Civil Matters - General Information

 

International legal assistance may be divided in to legal assistance in civil matters and in criminal matters. This section contains information on legal assistance in civil matters. Petitionary matters and disputes under private law are civil matters. In other words, criminal and administrative matters are not civil matters.

International legal assistance refers to the cooperation between judicial authorities of different countries in cases with cross-border dimensions. A need for international legal assistance usually emerges in cases where the defendant or a witness in court proceedings resides abroad. As a consequence, traditional forms of legal assistance include service of documents, taking of evidence and requests for information on foreign law. Nowadays, there is also an increasing amount of cooperation between judicial authorities in cross-border family law matters.

Most often, requests for legal assistance and the provision of legal assistance are based on international instruments. Key actors in the field of judicial cooperation are the Hague Conference on Private International Law, the European Union, the Council of Europe and the United Nations. International instruments may be multilateral treaties, regional agreements or bilateral agreements. Cooperation between the EU Member States is usually based on EU regulations. These instruments oblige the contracting states to provide legal assistance to the requesting state authorities under certain agreed conditions. The agreements and regulations also establish uniform procedures for drawing up and submitting requests for legal assistance, which makes it easier and faster for the parties to receive assistance. At the same time, the provisions laid down in the agreements and regulations enhance the legal protection of the parties in court proceedings. On the other hand, legal assistance may in many cases be provided by virtue of the national legislation or mere international courtesy.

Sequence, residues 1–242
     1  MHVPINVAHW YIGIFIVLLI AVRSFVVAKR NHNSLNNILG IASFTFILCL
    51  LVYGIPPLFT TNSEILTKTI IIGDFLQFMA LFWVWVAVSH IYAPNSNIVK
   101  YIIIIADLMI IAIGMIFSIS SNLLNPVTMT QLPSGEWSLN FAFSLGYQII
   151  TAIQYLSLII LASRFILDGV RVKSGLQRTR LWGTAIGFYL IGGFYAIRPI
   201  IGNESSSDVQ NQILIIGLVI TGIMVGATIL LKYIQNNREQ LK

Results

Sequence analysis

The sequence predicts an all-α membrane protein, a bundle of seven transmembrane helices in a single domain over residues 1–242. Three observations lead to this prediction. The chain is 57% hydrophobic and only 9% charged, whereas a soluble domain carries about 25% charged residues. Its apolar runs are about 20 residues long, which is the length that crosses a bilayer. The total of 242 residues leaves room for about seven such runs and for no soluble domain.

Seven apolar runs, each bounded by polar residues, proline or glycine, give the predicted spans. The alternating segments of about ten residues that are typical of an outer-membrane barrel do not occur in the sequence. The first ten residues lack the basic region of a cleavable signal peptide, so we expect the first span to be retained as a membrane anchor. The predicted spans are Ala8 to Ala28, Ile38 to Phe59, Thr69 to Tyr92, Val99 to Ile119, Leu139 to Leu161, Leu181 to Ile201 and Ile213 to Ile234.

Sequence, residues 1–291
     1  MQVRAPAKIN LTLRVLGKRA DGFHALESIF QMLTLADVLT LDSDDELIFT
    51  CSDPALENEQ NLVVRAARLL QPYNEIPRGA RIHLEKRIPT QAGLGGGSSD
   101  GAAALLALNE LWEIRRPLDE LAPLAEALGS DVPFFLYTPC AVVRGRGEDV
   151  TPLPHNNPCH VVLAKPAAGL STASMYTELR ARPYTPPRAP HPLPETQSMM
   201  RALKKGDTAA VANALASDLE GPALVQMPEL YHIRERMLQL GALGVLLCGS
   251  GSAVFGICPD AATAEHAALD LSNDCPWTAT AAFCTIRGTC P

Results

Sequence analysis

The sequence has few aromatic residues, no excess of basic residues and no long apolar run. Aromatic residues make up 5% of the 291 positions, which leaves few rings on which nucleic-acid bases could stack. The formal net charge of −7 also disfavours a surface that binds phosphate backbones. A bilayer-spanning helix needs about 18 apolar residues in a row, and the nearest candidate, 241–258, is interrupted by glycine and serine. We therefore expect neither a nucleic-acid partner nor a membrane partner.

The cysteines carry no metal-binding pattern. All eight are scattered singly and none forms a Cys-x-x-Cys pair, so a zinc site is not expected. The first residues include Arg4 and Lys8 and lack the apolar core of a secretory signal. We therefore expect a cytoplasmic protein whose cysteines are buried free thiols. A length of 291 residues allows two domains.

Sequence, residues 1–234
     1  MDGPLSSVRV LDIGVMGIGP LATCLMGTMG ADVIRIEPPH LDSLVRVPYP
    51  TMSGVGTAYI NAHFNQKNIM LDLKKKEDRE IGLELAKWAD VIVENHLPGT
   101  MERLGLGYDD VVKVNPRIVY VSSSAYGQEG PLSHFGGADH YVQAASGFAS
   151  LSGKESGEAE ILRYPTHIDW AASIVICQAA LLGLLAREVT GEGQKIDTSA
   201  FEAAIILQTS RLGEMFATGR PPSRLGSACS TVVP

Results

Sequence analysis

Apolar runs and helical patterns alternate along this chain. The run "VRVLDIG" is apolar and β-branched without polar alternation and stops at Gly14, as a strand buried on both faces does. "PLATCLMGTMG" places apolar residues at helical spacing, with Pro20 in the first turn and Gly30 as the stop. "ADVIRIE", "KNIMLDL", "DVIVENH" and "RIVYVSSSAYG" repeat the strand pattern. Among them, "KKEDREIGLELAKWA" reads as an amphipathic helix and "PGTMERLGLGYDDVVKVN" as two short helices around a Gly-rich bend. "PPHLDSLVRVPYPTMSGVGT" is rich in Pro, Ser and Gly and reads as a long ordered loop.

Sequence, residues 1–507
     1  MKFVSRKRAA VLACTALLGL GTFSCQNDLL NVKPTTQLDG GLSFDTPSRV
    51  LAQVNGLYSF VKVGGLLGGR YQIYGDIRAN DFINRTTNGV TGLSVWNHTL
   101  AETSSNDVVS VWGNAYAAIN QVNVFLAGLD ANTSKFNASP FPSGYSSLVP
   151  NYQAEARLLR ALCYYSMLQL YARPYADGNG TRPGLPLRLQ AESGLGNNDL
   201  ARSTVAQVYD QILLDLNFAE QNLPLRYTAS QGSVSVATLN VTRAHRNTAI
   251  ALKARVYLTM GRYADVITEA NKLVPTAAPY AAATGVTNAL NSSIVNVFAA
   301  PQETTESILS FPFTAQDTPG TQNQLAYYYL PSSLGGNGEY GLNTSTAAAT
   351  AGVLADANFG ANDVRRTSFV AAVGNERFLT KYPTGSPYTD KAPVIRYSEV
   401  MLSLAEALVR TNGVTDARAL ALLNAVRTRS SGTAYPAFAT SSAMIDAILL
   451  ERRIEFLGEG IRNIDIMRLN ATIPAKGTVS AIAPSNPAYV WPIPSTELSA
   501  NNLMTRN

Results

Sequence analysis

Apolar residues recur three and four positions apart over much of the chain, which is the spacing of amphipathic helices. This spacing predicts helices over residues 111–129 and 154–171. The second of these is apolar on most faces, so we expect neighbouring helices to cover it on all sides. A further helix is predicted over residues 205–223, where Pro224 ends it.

Requests from one Nordic country or EU Member State to another are transmitted directly from the competent authority of the requesting state to the competent authority of the requested state. Between other countries, requests are usually submitted by one Central Authority to another.

The Ministry of Justice has a special position in the practical implementation of the international cooperation, as it functions as the Central Authority for the purposes of several international conventions in Finland. The Ministry is tasked with submitting and receiving requests for legal assistance in cases where direct contacts between the authorities are not permissible. Furthermore, the Central Authority follows the developments in the field of international treaties and guides and trains others in the application of the treaties. The work of the Central Authority is mainly based on active participation in the networks and working groups in the field.